Classic vs Gutenberg Editor: Understand The Block Editor In WordPress 5

Classic vs Gutenberg Editor: Understand The Block Editor In WordPress 5
Image by ValueWalk
Image by ValueWalk

With the release of WordPress 5 last week came a lot of changes. One of the most prominent of them is the new Gutenberg editor that changes how content creators interact with the interface. It has replaced the classic editor we were familiar with. Here we will look at what changes the new editor brings, and its pros and cons. 

What is Gutenberg?

Gutenberg is a modern and sleek block-based editor that borrows some of the best features from page-builder plugins like Visual Composer and Divi. It completely alters the way posts and pages are created. It replaces the classic editor to make creating rich content in WordPress a simple and refreshing experience. 

Everything in Gutenberg is in the form of blocks. It allows you to control the entire layout of a website even if you don’t know how to write HTML code. It doesn’t change how WordPress 5 works. It just changes how people like you and me interact with it. 

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Understanding the Gutenberg editor

When you upgrade your site to WordPress 5 or install the Gutenberg editor plugin via the WordPress plugin repository, you’ll be able to create and edit content in Gutenberg editor. The pages and posts you created in the classic editor will appear in a classic block marked as “Classic.” If you want to convert it into multiple blocks, you can do it by going to that block and clicking on the three dots.

When you go to Posts > Add New in the left menu bar, you’ll be greeted by the Gutenberg. It looks a lot different from the classic editor. It has much more writing space than the classic one, especially on smaller screens such as smartphones and tablets. 

The interface has a far less distracting environment, allowing you to focus on writing and creating content. If you want even more writing space, click on the Post Settings icon near the top right corner to hide the right sidebar.

You can switch between the visual editor mode and code editor mode by clicking on the dropdown menu in the top right corner. Alternatively, you can switch between them by using the ctrl+shift+alt+M shortcut. 

On the left side of the editor, there are two settings available: Document and Block. In the Document section, you’ll see the usual WordPress publishing settings such as Visibility, Publishing Status, Permalink, Categories, Tags, Featured Image, Excerpts, etc. The Block section shows settings for a specific in the writing area you have selected.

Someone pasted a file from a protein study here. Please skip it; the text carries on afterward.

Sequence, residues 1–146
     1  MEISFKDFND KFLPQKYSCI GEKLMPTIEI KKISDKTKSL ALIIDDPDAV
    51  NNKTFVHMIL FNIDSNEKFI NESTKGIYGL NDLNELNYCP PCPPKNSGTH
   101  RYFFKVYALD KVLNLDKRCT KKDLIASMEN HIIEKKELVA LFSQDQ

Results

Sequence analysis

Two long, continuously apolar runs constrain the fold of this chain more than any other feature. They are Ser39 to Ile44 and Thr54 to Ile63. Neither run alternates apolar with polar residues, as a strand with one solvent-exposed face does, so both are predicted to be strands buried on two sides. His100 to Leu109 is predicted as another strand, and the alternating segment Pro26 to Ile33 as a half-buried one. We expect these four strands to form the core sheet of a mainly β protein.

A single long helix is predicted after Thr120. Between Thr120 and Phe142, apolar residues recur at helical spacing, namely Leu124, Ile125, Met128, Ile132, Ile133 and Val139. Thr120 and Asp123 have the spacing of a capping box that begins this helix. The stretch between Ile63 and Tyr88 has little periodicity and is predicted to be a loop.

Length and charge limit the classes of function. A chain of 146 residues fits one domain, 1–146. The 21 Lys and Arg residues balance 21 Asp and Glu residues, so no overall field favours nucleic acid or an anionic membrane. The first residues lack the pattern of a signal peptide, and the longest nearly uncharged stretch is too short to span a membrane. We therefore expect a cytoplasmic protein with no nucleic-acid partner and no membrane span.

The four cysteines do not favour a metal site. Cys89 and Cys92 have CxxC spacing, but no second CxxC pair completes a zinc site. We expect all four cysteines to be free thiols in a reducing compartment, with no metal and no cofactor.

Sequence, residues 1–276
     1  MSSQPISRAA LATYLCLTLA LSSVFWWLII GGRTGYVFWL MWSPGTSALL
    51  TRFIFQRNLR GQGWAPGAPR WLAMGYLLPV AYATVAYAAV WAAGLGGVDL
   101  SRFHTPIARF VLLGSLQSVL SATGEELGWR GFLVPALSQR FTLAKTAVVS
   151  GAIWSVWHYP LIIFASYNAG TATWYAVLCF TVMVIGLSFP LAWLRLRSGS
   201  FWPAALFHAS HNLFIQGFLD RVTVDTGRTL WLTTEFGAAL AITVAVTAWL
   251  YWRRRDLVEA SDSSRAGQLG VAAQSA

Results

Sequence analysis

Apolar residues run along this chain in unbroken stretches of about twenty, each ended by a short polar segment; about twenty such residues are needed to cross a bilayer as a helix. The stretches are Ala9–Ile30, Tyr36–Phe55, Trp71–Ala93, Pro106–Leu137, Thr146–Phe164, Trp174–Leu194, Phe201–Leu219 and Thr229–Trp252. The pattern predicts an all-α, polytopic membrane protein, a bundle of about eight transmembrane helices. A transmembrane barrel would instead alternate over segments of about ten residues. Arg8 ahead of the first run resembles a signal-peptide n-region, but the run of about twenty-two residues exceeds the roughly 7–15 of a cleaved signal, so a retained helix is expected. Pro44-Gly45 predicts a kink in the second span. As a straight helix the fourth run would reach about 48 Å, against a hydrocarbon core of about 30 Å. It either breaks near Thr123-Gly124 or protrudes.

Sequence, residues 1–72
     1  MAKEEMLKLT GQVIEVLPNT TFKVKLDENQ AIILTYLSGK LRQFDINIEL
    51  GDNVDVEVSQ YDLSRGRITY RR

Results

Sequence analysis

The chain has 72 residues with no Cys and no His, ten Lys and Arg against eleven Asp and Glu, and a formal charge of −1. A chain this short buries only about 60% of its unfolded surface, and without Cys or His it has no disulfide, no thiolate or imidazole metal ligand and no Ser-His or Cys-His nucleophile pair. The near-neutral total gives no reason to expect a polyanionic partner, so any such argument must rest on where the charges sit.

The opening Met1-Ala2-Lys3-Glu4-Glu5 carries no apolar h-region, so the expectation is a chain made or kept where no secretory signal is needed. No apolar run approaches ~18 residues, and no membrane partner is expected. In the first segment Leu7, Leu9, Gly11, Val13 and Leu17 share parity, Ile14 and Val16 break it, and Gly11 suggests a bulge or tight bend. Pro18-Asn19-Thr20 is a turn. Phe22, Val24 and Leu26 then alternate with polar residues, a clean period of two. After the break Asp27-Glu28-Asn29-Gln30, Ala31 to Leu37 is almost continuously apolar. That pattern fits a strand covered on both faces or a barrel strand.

On the top left side of the editor, you’ll see a + sign, an undo icon, a redo icon, a Content Structure icon, and block navigation. The Content Structure icon allows you to see the number of words, paragraphs, headings, and blocks in the post/page. 

Clicking on the + icon in the top left corner brings a bunch of block options. From there, you can add a new paragraph, quote, image, gallery, YouTube video, audio, files, and other content block to your post. 

Now coming to the main writing area, you’ll see the title block at the top. Right below it you can start writing your content. If you want to add an image, video, headline, etc., take the cursor to the block and you’ll see a + icon on the left. Click on the icon to choose whatever block you want to add. Formatting options for a block also appear at the top of the block to make things simpler and easier for you. 

If you want to move a block up or down, highlight over the left side of the block and arrows will appear to move it up or down. The controls are pretty similar to Medium. 

To add a new image or another block between two prewritten blocks, highlight near the top of the lower of the two blocks and a + icon will let you add the new block. 

Here are some of the most useful blocks you’ll find in Gutenberg:

  • Paragraph
  • Image
  • Heading
  • Gallery
  • Quote
  • List
  • Video
  • Audio
  • Cover image
  • Table
  • Button
  • Separator
  • Pull quote
  • Preformatted

Some of these content and formatting styles were previously available only to people familiar with HTML. Gutenberg also allows you to add widgets directly to the post or page. In the classic editor, most of the widgets were reserved for the sidebar or footer.

The use of Gutenberg editor will dramatically reduce the usage of plugins, shortcodes, and widgets that often slow down your website.

Limitations of Gutenberg

The Gutenberg editor has been around for only a short time. It’s still in its early stages, meaning it could have some bugs that affect user experience. Many early users have encountered random bugs while working in the new editor. That’s why the Gutenberg plugin has a lowly 2.3 out of 5 rating. 

It will take developers some time to work out the bugs and enhance the user experience. 

Also, a lot of themes haven’t yet added support for Gutenberg to adopt to the new block elements. So, depending on the theme, you might see broken layouts that look strange. 

Fortunately, the WordPress team has decided to support the classic editor through the end of 2021. If you don’t like the Gutenberg editor, you can switch back to the classic editor.

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